We began the final day of eventing with just three horses, as Dana Cooke’s lovely mare Mississippi had scraped her elbows on one of the cross-country fences and needed a few stitches. Jessie, Karl and Colleen did an awesome job with clear rounds across the board to take the bronze medal.
While it was still a good result, it was not what they were aiming for, which was a gold or silver and a ticket to the Tokyo Olympics. There is still the snowball’s-chance-in-hell possibility that a team that is already qualified may not be able to field a team and a spot will open up. It appears also there *may* be another way for a couple of individuals to get to the Games next year; I believe it is via the FEI Olympic World Rankings list here. If I understand correctly (and I have often been known to be way off base, so please don’t quote me), two riders from each regional group (we are in Group D), excluding combinations from already qualified NFs, will be eligible to attend the Games. Our group is currently populated at the top by many, many Americans, but I think that once the list is updated and they are removed, as they have now qualified a team, the Canadians will be on top, currently led by Karl Slezak and Fernhill Wishes. Confused? Me too.
Looking back on cross-country day, which was to blame for some of our undoing, the statistics show that it was a difficult course and possibly way over the heads of a number of competitors from some of the South American countries. Of the 42 starters, only 25 finished the course – a 40% elimination rate, which is quite high in this sport. Only two riders went double-clear with no jumping or time faults. Chile, Guatemala, Uruguay and Colombia were all eliminated as a team; the latter did not get a single rider through the finish flags. I saw at least three riders flagged down on course by officials and told they could not continue for various reasons (I suspect dangerous riding was the main one). I’m sure it was heartbreaking for those who had trained hard and travelled all this way, but a much better scenario than overfaced horses crashing and burning.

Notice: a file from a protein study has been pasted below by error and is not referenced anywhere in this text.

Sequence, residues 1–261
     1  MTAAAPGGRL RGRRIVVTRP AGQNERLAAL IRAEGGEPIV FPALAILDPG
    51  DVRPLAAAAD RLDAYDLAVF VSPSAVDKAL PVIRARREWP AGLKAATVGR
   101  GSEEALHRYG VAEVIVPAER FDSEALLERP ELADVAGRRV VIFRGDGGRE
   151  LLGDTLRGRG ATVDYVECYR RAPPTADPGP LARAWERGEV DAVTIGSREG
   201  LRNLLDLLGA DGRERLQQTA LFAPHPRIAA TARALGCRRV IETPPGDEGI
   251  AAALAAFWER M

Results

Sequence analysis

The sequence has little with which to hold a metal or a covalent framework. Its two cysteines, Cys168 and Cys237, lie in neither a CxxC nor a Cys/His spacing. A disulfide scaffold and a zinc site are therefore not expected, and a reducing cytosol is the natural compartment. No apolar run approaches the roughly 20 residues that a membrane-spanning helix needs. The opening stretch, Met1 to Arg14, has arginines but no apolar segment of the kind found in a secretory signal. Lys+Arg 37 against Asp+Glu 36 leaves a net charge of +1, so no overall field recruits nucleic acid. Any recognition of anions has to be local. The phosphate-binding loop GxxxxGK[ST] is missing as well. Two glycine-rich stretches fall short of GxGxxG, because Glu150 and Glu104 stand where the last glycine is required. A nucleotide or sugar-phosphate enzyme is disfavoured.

I know I said I was a tough old bird before and maybe it is the homesickness (or lack of sleep) but I got a little choked up when they played the US anthem at the medal ceremonies today, thinking of all those lives lost in El Paso and Dayton. What an unspeakable tragedy and I’m sure it is weighing heavily on the minds of the US riders.
On a lighter note, the jumpers have arrived and the horses were trotted up this afternoon. I have to say the Canadian grooms did a bang-up job with their charges – they were immaculate and gleaming and in some cases braided and I was very proud to point out to anyone in earshot, “Those are Canada’s horses!” All five passed; the team of four will be named tomorrow morning and we will get to see them stretch their legs in the training session.